This book is good enough for the publisher to revisit the layout: considering the careful thought that went in to the dust jacket, colors, etc. of this hardcover edition, I would love to see them print a larger softback edition with more photos of the items & people which are actually the subject matter of the text--I think they'd have a real winner on their hands.
2 di 2 persone hanno trovato utile la seguente recensione
5.0 su 5 stelle A Must for Polaroid fans 26 agosto 2015
Di Dan - Pubblicato su
Formato: Copertina rigida Acquisto verificato
This was an excellent book. I am an aficionado of Polaroid photography, and it was nice to learn about the history of the company, and of Edwin H. Land. The final chapters of the book remind me very much of reading about the making of "Let It Be," and the challenges The Beatles faced near the end of their run. I know that's a bit random, but the creativity, tenacity, and the rise of Polaroid, the incredible popularity, the changes and eventual my mind it parallels. A must read for anyone interested in instant photography, entrepreneurs, inventors, and history. It's all there, and packed with great Polaroid photos as well.
1 di 1 persone hanno trovato utile la seguente recensione
4.0 su 5 stelle The magical picture machine 2 febbraio 2013
Di Gary Schroeder - Pubblicato su
Formato: Copertina rigida Acquisto verificato
Looking for an addictive and breezy little non-fiction book that you can polish off on a round trip plane flight? "Instant" is your ticket. This slim little volume covering the history of one of the most recognizable names in corporate America--and purveyors of one of the world's most memorable products--is written in a friendly, conversational style that really pulled me along.

Everyone except the very youngest among us fondly remember the pre-digital thrill of snapping a photo and seeing the results just seconds later. In a time when amateur photographers dropped their film cassette off at the nearest Foto Hut and waited a week for the prints to come back from the lab, Polaroid's instant print was rather magical.

Steve Jobs has often been compared to the father of instant film and co-founder of Polaroid, Edwin Land. They shared the common trait of being passionate visionaries who built a cult-like following of true believers who wanted to work for them. They ran companies that certainly wanted to make money, but that were first and foremost dedicated to the dream of their magical product. Both men were unshakable in their own self-confidence and their unwavering belief in the righteousness of their cause. Land, a fascinating character who has already inspired books covering his life in detail, gets less attention in "Instant" than one might want, but the nature of this book is to be brief. If you're interested in following up for more, you certainly have that option elsewhere.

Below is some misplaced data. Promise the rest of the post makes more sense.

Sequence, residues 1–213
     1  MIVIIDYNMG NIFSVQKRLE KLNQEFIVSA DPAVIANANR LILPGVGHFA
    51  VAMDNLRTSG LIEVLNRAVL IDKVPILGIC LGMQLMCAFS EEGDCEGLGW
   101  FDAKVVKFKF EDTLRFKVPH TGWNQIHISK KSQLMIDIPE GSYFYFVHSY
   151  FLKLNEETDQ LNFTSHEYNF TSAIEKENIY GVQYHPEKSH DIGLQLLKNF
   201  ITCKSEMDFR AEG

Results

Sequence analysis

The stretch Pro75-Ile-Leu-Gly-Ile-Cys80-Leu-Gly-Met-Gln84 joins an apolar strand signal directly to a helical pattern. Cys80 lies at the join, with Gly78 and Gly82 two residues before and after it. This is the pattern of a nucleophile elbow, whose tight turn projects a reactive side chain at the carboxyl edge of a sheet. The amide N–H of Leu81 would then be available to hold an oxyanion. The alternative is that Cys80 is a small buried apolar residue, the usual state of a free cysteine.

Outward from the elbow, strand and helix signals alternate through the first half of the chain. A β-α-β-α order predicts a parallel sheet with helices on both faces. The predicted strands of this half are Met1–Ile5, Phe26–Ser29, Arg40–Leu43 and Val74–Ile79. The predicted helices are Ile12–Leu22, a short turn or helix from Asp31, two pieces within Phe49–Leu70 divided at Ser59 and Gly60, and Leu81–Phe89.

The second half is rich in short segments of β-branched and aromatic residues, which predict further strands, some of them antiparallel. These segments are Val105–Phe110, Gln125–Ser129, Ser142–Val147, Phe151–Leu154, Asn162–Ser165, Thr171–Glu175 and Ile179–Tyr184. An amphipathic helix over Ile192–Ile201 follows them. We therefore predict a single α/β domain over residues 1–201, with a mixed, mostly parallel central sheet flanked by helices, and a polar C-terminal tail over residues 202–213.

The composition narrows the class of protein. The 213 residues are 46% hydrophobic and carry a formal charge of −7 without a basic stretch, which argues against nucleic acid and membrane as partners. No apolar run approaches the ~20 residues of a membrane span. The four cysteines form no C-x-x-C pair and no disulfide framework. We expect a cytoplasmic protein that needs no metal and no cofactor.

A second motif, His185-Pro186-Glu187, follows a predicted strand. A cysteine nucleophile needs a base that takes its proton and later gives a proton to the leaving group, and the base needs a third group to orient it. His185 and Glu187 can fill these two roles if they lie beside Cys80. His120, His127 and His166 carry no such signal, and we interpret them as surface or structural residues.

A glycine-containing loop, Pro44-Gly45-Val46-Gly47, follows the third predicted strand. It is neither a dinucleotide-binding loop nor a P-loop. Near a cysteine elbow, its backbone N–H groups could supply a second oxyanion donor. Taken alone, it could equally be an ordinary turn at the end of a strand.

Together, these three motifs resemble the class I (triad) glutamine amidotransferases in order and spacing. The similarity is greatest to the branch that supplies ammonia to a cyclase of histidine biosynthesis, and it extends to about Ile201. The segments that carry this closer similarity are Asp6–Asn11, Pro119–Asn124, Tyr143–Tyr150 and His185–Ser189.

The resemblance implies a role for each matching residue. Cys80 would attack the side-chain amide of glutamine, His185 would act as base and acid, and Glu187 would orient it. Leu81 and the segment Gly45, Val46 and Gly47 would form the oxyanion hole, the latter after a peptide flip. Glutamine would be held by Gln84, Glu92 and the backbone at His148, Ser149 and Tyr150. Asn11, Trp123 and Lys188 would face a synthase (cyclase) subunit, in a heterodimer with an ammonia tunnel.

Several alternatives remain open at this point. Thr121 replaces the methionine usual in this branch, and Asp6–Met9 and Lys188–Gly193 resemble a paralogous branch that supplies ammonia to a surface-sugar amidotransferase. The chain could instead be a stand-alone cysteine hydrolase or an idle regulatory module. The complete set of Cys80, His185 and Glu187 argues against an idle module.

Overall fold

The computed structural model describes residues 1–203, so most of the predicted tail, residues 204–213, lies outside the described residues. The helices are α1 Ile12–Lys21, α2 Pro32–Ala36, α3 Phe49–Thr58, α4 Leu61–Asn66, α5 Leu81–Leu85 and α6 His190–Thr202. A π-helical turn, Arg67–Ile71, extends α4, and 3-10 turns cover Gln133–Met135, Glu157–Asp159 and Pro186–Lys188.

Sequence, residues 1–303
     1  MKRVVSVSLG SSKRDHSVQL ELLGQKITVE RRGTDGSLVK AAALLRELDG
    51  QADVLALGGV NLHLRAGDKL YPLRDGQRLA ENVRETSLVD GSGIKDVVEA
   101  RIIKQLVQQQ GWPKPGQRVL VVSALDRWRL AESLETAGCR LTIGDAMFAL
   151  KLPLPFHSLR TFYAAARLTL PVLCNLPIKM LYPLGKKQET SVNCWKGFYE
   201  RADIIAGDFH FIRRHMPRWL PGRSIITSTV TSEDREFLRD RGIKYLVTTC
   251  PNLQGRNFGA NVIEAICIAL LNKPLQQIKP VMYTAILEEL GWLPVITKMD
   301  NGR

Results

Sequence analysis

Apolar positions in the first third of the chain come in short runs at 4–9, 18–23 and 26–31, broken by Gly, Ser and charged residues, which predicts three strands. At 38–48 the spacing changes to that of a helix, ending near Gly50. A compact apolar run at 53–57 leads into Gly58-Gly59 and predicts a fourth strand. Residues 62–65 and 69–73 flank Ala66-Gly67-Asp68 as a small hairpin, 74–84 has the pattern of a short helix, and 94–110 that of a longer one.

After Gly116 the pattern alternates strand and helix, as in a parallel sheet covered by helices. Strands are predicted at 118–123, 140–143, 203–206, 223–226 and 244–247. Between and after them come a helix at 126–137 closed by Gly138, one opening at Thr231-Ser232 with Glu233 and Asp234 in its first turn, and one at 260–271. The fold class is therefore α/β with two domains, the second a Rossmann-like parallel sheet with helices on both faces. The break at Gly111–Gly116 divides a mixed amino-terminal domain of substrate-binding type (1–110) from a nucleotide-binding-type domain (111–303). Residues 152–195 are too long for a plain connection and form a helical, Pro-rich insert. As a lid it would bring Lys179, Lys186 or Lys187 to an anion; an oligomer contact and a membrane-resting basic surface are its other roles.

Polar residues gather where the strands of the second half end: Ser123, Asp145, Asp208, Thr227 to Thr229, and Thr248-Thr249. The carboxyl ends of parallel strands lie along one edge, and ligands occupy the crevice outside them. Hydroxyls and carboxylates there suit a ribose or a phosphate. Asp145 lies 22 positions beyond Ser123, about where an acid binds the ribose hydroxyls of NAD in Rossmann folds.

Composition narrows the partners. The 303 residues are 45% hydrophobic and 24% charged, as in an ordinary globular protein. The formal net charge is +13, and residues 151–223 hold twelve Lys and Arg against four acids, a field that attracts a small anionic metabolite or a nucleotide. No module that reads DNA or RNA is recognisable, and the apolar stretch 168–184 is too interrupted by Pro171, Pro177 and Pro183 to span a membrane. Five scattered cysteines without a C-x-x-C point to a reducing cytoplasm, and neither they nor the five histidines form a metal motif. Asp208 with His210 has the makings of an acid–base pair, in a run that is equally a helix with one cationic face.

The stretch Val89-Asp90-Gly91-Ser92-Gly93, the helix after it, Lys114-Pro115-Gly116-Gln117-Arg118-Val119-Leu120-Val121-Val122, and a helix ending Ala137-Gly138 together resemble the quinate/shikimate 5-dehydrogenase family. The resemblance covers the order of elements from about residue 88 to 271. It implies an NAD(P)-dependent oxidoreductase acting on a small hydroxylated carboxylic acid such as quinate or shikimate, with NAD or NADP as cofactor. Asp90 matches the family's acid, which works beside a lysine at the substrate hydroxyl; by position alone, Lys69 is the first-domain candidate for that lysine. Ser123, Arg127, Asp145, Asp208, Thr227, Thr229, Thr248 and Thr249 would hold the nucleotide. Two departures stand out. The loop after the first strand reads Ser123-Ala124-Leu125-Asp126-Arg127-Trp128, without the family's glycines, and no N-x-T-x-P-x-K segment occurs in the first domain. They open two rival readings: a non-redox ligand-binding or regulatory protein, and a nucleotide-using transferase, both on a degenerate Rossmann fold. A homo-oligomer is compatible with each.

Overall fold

Part biography of Edwin Land and part company history, "Instant" also reviews the technical challenges of creating a self-contained, portable photo developing system, highlighting both its successes and notable shortcomings. (Various early incarnations of instant prints curled, discolored or required the application of an inconvenient liquid fixitive following printing.) It was a full twenty years after the debut of instant black-and-white Polaroid film that the familiar color prints with their large, white bottom border appeared in the early 70s.

"Instant" also covers a little-known aspect of the Polaroid story: the small band of artists who were some of the product's biggest fans. (Did you know that none other than visual perfectionist Ansel Adams had a decades-long association with Polaroid?) Other prominent big names who were advocates of Polaroid film included Chuck Close and Andy Worhol, among others. This is perhaps one of the more surprising aspects of the story. Polaroid was often regarded by connoisseurs as a synonym for inferior photographs meant strictly for the amateur who didn't mind things like soft focus or less than accurate color saturation. But Polaroid produced a number of other far lesser-known instant-film products dedicated to professional applications. In fact, they produced super large format studio cameras capable of delivering superior quality prints that could compete with the finest equipment.

Alas, despite the successes of Polaroid and its visionary leader who gave the world a magical product, it became a victim of its devotion to the very product that inspired it. The tragedy of Polaroid is that it was generally well positioned to take advantage of the digital revolution but it failed--for a complex number of reasons--to do so. For those of us who remember the joy of watching photos resolve into existence from the gray-green haze of a Polaroid frame, the final chapters of "Instant" leave us with a wistful feeling.